Remember, each person’s situation is unique and it’s important to consult with a financial advisor or an attorney before making this decision.

Pros and Cons By Payout Type

It’s important for people to understand the benefits and drawbacks before deciding how they want to receive their money from a lawsuit. This decision can significantly impact your financial future.

Structured settlements can offer long-term financial stability, but it also comes with certain limitations. Let’s delve into the key advantages and disadvantages of structured settlements to help you make an informed decision.

Pros and Cons of Structured Settlements

Benefits of Structured Settlement Payments

  • Long-term Financial Support: You are guaranteed to receive money over a long period of time, which can help with your regular expenses and long-term needs.
  • Protection Against Poor Investments: With a structured settlement, you're shielded from the potential negative impacts of bad investments. The steady, scheduled payments provide a reliable source of income.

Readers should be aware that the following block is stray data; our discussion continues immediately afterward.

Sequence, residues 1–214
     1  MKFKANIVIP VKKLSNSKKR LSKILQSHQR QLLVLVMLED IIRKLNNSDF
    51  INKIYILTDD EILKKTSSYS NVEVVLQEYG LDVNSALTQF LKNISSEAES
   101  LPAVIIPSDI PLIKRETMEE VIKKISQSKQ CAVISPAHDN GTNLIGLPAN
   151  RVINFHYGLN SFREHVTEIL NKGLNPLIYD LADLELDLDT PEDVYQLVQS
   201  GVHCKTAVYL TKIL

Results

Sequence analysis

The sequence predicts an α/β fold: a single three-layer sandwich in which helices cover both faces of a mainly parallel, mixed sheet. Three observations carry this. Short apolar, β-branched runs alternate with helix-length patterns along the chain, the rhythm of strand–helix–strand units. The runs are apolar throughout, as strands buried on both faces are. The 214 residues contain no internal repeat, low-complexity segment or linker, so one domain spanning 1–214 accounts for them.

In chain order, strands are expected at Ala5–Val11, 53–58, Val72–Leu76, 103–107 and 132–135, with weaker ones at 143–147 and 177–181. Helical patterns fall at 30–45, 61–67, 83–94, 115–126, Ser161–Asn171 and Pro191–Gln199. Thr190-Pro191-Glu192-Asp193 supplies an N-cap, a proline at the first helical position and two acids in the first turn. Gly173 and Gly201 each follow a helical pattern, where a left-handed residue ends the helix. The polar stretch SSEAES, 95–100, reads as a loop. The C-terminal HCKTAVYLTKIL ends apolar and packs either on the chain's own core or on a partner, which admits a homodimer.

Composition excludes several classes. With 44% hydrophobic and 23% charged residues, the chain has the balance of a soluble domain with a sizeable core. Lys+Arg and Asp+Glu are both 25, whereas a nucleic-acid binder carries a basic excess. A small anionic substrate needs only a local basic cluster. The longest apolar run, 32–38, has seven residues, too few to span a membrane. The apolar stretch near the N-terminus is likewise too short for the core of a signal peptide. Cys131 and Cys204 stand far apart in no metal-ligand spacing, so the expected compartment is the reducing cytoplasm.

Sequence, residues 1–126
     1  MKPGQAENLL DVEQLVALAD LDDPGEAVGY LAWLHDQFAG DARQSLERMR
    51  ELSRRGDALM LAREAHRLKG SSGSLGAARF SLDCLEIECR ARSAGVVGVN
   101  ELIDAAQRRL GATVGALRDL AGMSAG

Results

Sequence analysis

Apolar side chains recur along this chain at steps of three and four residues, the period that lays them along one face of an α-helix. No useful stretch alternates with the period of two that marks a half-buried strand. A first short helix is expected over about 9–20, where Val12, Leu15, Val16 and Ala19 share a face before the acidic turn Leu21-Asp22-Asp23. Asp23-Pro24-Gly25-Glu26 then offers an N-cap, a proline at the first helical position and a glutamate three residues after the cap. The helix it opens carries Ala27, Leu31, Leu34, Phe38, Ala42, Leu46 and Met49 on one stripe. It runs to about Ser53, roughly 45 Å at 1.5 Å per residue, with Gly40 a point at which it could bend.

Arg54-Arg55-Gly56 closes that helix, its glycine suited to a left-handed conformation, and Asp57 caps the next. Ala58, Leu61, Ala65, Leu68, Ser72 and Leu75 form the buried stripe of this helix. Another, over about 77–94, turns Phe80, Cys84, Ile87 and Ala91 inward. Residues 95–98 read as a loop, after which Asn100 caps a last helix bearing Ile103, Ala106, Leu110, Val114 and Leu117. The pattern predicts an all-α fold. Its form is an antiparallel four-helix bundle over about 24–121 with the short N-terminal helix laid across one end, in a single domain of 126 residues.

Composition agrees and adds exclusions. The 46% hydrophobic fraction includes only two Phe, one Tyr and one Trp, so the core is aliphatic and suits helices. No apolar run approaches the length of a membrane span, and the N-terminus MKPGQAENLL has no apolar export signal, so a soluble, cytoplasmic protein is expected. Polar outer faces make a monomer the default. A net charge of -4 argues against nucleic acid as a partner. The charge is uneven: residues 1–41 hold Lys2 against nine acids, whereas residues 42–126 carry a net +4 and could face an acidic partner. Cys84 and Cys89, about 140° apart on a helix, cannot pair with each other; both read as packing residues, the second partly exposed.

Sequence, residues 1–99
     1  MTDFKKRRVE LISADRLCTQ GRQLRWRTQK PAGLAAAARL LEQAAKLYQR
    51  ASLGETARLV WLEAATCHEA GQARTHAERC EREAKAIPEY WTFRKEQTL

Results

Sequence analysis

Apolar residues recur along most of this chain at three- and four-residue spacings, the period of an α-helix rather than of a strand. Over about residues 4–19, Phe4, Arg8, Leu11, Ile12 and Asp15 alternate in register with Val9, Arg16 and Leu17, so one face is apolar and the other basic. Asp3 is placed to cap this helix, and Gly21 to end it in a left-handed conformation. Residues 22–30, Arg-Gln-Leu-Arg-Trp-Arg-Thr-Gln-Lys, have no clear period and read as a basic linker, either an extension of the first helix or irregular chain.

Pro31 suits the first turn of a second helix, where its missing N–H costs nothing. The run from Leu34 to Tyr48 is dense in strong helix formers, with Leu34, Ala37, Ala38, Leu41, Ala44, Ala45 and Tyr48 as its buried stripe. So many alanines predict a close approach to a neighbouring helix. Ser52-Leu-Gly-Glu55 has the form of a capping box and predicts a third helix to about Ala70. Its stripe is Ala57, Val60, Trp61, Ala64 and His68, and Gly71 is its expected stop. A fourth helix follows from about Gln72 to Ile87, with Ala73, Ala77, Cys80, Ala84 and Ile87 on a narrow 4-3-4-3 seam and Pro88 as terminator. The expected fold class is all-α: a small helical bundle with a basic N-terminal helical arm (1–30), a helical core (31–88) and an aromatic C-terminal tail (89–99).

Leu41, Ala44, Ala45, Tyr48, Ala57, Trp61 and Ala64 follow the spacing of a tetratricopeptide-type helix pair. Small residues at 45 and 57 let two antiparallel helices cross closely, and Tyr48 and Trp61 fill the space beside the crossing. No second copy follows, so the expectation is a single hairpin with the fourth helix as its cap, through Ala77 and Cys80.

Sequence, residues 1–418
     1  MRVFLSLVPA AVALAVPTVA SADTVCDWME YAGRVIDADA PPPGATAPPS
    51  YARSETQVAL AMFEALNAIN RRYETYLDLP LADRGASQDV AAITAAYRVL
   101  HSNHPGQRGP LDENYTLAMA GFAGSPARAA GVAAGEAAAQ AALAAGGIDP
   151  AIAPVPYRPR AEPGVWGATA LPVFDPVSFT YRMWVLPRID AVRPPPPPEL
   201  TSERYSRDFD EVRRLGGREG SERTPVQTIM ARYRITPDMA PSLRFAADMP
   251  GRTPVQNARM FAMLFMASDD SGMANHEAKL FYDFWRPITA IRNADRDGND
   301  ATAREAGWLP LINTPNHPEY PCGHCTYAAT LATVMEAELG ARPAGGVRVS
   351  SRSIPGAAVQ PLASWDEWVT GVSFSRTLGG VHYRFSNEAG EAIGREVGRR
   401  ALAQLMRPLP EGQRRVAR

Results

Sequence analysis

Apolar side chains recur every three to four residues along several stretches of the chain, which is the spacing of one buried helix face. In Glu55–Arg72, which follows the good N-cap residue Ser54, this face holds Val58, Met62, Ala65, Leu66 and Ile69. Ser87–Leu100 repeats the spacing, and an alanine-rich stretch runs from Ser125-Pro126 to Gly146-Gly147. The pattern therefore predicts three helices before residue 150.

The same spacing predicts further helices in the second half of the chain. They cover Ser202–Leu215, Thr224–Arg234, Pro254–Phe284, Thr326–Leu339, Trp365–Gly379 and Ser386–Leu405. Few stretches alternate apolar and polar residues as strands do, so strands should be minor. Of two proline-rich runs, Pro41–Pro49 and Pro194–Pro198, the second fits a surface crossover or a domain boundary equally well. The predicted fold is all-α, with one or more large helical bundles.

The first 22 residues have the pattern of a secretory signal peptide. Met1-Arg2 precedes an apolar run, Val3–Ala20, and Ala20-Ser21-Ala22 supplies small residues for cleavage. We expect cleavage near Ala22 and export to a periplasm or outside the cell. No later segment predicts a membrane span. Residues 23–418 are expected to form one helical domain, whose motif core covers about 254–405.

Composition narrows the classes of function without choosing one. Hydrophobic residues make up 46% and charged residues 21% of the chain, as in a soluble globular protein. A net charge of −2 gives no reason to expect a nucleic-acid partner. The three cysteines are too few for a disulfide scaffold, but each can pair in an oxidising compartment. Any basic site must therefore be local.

• Reduced Pressure to Give Money Away: Since you don't receive all the money at once, there's less temptation to share or donate large amounts right away.

Drawbacks of Structured Settlement Payments

  • Limited Access to Funds: With a structured settlement, you can't access the majority of your settlement money whenever you want. You'll only receive payments according to the agreed schedule.
  • Difficulty with Unexpected Expenses: If you have unexpected bills, such as a medical emergency or a major repair, you may not have enough ready cash from your structured settlement to cover these costs.

Opting for a lump-sum payment can provide immediate financial relief and control over your funds. However, it also presents certain risks, including the potential for mismanagement and investment losses.

Let’s look at some of the benefits and drawbacks of this choice.

Pros and Cons of Lump-Sums

Benefits of Lump-Sum Payouts

  • Immediate Access to Funds: With a lump sum, you get all your money right away. This can be particularly helpful if you have urgent needs like paying off debts or covering large expenses.
  • Freedom to Invest: Having a large amount of money at once gives you the opportunity to invest it. If you make wise investment choices, you could potentially grow your money over time.
  • Full Control: You have total control over how you use your money. You can use it as you see fit without waiting for scheduled payments.

Drawbacks of Lump-Sum Payouts